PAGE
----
آیا طرح استفاده باعث بهبود اعتماد و اکتشافات می شود؟ به عنوان مثال با یک سیستم کنترل کروز
|کد مقاله||سال انتشار||مقاله انگلیسی||ترجمه فارسی||تعداد کلمات|
|20114||2009||11 صفحه PDF||سفارش دهید||11060 کلمه|
Publisher : Elsevier - Science Direct (الزویر - ساینس دایرکت)
Journal : Safety Science, Volume 47, Issue 9, November 2009, Pages 1260–1270
We know that the systems which are trusted by the users are more often used, especially in a risky situation where they need to delegate control, but we still ignore largely the factors which improve trust in the systems. Our issue here was to explore whether the way we present the system to the users will have an effect on their confidence in it. In this study, we had nine subjects using for the first time a cruise control system on open road; before, we present the system to them in three different ways: (i) a function-oriented written presentation (G1), (ii) a use-oriented written presentation, “augmented” with difficult situations (G2) and (iii) a use-oriented film presentation (3). They evaluate their trust in the system on scales before the whole experiment, after the presentation and after the real use. At the end, they also have self-confrontation interviews, where they see the video of their driving and describe their activity, strategies and feelings. We then develop quantitative and qualitative analysis of trust, linked with specific situations of action. Our results indicate that the presentation of instructions lowers the evaluation of trust (and of efficiency) that conductors have a priori; they had constructed an a priori representation of a CCS that is rather idealistic, and realised, after reading the instructions, and above all after having watched a film, that its use is not so obvious as they had previously thought There is thenceforth a drop in trust that nevertheless goes up again after use of the system during driving We remark, from qualitative analyses of use experience of the regulator in real driving conditions, that this drop in trust in the system does not inhibit subjects in their use, and in particular, for subjects who have watched a film of projection into use They know more of the functions of the system in driving conditions, they produce less distorted reconstruction of the functioning, and they have a deeper level of understanding of the system.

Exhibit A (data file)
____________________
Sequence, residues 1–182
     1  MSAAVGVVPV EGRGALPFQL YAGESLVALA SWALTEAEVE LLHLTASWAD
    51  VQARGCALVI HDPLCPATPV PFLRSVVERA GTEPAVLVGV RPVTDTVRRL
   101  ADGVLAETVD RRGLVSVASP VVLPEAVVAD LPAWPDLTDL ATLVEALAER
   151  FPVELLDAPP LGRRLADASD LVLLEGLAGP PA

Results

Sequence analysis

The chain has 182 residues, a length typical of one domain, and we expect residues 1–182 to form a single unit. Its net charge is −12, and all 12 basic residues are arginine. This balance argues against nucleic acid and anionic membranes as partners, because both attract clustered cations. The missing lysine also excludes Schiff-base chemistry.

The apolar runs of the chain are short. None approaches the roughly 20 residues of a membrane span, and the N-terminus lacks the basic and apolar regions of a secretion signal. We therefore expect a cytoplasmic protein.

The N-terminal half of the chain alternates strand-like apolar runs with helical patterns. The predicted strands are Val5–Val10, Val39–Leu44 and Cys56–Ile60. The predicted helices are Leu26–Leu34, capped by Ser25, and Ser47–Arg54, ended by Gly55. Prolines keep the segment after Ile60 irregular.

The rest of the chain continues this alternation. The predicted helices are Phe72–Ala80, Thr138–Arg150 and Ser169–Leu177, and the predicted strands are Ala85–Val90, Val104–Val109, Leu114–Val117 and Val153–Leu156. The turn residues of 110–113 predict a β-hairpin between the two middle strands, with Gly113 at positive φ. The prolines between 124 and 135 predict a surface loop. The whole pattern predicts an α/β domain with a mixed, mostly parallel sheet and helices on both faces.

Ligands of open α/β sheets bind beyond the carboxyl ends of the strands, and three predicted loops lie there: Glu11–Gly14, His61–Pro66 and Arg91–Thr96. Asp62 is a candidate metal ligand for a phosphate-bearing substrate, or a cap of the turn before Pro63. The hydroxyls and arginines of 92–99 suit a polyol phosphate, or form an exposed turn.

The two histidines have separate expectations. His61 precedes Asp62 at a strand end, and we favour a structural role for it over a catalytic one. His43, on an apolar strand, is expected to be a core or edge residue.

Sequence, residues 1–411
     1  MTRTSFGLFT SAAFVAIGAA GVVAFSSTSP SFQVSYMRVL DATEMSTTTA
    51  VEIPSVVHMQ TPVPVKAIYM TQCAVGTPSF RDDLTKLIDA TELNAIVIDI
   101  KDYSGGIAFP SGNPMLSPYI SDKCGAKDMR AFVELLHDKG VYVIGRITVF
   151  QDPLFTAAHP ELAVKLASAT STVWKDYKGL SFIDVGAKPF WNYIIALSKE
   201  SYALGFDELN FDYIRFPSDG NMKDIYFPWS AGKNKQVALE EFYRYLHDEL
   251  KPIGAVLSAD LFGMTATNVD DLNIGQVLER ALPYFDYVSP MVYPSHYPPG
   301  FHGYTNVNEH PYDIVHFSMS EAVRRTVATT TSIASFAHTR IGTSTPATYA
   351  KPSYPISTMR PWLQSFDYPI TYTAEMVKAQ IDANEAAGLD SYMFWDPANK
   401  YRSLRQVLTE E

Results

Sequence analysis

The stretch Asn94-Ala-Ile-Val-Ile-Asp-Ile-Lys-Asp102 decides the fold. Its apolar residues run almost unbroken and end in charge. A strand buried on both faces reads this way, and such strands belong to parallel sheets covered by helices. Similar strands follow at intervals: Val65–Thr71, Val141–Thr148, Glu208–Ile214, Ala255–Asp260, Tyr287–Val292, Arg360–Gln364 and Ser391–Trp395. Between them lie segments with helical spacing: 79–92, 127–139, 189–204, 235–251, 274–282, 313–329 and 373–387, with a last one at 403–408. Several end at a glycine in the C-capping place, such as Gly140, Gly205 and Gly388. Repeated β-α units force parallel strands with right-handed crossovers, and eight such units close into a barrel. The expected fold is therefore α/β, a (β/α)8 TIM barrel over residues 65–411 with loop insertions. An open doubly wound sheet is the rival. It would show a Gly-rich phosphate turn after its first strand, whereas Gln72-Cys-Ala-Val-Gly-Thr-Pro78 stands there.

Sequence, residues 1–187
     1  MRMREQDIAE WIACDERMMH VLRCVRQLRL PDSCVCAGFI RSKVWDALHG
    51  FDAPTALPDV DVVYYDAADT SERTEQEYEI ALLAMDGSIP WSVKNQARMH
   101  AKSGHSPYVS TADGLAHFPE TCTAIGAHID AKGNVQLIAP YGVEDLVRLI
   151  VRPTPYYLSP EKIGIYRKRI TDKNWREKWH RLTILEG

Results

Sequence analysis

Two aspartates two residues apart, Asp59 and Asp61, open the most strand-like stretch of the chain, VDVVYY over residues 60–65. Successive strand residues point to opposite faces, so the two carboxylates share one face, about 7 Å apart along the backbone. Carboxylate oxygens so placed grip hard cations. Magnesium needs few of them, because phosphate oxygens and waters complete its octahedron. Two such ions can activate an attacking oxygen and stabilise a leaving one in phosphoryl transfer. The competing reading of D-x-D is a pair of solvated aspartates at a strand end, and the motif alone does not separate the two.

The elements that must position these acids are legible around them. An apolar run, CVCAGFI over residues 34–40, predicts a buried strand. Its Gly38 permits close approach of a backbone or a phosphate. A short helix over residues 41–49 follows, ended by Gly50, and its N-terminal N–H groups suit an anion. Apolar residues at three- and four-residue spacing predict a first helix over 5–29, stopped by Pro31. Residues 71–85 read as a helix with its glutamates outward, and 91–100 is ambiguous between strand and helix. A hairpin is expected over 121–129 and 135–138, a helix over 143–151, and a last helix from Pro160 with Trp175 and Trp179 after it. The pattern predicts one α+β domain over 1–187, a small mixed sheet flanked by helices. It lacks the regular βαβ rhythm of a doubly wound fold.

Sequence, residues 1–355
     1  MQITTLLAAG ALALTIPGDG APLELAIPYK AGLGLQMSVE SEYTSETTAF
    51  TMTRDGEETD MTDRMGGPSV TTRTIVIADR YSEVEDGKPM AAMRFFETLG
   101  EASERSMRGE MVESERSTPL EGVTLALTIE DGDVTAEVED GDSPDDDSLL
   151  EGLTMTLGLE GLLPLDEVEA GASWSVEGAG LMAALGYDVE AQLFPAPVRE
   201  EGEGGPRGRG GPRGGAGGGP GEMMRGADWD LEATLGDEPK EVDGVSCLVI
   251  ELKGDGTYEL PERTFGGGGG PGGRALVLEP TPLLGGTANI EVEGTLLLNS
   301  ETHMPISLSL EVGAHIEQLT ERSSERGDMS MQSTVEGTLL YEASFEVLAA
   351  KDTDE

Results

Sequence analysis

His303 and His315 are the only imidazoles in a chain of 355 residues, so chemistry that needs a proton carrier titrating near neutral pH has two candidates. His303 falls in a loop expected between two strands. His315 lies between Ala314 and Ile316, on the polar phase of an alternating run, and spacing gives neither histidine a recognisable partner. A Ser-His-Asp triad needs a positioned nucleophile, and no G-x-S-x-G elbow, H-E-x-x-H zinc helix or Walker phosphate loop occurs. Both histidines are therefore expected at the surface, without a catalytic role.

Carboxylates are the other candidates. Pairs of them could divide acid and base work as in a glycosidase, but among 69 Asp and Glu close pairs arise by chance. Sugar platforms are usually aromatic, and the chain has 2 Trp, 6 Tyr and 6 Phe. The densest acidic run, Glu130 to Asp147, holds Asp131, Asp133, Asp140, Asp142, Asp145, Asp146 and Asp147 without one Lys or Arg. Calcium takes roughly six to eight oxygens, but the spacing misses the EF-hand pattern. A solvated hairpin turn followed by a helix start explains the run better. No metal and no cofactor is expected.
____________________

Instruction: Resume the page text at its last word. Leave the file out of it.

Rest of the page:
The use of a new technological tool, whether it is a question of human–machine- or human–human-mediated cooperation, leads to transformation of human activity, often in the direction of a modification of the control and the initiative of the activity by the user. Mastery of the situation and of the power to act can thus diminish; and this loss of control, i.e. delegated to another human or machine, may be compensated for by the trust that it is acceptable. It may be very uncomfortable to delegate the control of an activity to a tool or to a person that one does not trust. People tend to seek emotional comfort and well-being, and in a risky situation which can generate fear for instance, they will need to interact with an object or a person that they trust, to reduce this feeling of fear and to reinstall emotional comfort. We define this notion of emotional comfort and discomfort (Cahour, 2008) as a global feeling, which is dynamically constructed through the affective states (trust, fear, surprise, etc.) lived by a user during a specific activity, and which involves the body and the mind. It is important to consider the comfort/discomfort of the users, besides their efficiency and performance, for the ergonomic evaluation and design, since the effective use of new tools depends on both (El Jaafari et al., 2008). Lheureux et al. (2004) find that, among users of the cruise control systems, the two most frequently cited motives, for owning such a system are “comfort” (around 40%) and “not having to worry about police checks” (around 35%), which is, according to us, a typical issue of emotional comfort too. In a risk situation (such as that of driving a car) and in environments whose evolution is uncertain, human beings are potentially threatened and rendered fragile; they thus need to consider that the tools that they use are reliable and efficient, and that they can predict their behaviour, otherwise they could involve taking personal risks, of accident for instance. Trust (and distrust, which is its inseparable opposite) has been studied in relation to control of dynamic systems (Amalberti, 1996, Muir, 1994 and Rajaonah et al., 2003), often within interpersonal frameworks (Rempel et al., 1985 and Josang et al., 2005). Muir and Morais (1996) have shown that the use of an automatic system increases as a function of the trust that is accorded to it and a new system for assisting driving, which modifies the control of the activity of changing gear, seems to be particularly susceptible to depending on this sentiment of trust. Rajaonah et al. (2003) have in any case shown that the less drivers have trust in a regulator, the more they prefer to deactivate it. One of the functions of trust is to reduce complexity and uncertainty (Muir, 1994). since one of the characteristics of a complex system is that the interactions between components are unpredictable, when one reduces complexity by making one element in the environment reliable and predictable (trustable), it allows the subject to limit the perceived risk.